On Sobrr, everything expires in 24 hours. Photos go out to others in a geographical region just once, and people on the network can either cheer, comment, or follow one another as “24 hour friends,” unless both parties choose to “keep” the connection.
“Sobrr encourages users to go out and live in the moment,” says its founder, Bruce Yang. “The fact that everything will disappear soon keeps the user engaged with things in the present.”
Like other ideas worth pursuing, Sobrr was forged in the aftermath of a Vegas bachelor party. After a night straight from The Hangover, Yang and his groomsmen awoke in their hotel room and immediately rushed to their social media accounts to delete every trace of whatever had happened the night before. Every picture, post, chat, and new friend had to vanish before the wedding.
After this incident, the 26-year-old founder and former software engineer for LinkedIn began to seriously reconsider the state of social media .
“By leaving a record in the social network,” Yang realized, “people are constantly living in and are reminded of the past. They’re obligated to create a positive, presentable online image. Instead of carrying out their conversations and enjoying their life in the moment, they are forced to put up a face.”
His solution was to create a more realistic social platform where conversations and friendships are ephemeral and experiences are shared only while they’re actually happening. While most other social networks manipulate our relationship with time and space, Sobrr defies only one of those variables — space.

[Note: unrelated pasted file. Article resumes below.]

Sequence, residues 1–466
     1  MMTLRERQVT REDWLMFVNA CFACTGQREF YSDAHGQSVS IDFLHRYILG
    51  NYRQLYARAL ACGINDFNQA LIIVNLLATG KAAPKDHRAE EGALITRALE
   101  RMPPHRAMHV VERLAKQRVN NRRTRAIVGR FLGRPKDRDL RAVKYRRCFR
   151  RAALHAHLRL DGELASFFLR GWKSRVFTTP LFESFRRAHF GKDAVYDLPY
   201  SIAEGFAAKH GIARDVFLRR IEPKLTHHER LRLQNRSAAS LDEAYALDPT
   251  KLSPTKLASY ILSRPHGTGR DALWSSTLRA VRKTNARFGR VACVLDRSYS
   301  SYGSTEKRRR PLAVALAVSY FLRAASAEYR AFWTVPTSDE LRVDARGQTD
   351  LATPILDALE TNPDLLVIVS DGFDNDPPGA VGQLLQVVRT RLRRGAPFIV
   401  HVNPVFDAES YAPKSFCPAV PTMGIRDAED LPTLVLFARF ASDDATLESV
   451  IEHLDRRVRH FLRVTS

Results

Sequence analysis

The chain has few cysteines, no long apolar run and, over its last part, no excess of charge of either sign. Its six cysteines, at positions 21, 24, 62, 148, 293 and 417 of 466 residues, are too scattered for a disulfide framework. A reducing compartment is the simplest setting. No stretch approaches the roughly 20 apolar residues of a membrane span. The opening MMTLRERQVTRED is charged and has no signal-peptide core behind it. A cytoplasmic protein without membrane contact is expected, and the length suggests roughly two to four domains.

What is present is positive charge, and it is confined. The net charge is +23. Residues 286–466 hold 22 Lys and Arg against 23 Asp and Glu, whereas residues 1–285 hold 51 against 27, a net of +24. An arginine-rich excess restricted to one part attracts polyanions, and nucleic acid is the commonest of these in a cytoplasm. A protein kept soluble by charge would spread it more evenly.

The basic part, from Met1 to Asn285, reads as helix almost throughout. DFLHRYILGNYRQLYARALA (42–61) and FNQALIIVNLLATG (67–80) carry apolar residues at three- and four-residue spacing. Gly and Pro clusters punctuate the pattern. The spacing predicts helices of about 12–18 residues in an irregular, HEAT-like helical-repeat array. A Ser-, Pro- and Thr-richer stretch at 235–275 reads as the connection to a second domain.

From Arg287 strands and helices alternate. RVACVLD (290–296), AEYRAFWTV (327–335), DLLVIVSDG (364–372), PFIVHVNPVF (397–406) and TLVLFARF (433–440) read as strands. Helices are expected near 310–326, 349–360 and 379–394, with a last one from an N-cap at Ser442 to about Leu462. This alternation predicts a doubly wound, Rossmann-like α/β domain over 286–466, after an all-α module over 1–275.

Imagine going out on a Friday night. You get on Sobrr, snap a few pictures, and browse through “vibing” photos taken by others in your city. You may even chat with a few and add friends to keep up with for the night. By Saturday, like real life, everything has passed, and the only thing left is the friendships that both parties agreed to “keep.”
“The 24 hour friendship is such an intuitive concept that all the current social networks have overlooked,” says Yang. “In real life, people socialize with others but only make friends with who they like.”
Sobrr offers a newborn idea in a market full of ideas. Having only launched June 24, the eight-person company is focusing its marketing efforts on San Francisco for the moment.
“User acquisition for any social networking app is difficult,” Yang recognizes. “We’re experimenting with different strategies, and would like to share our philosophy with as many people as we can.”
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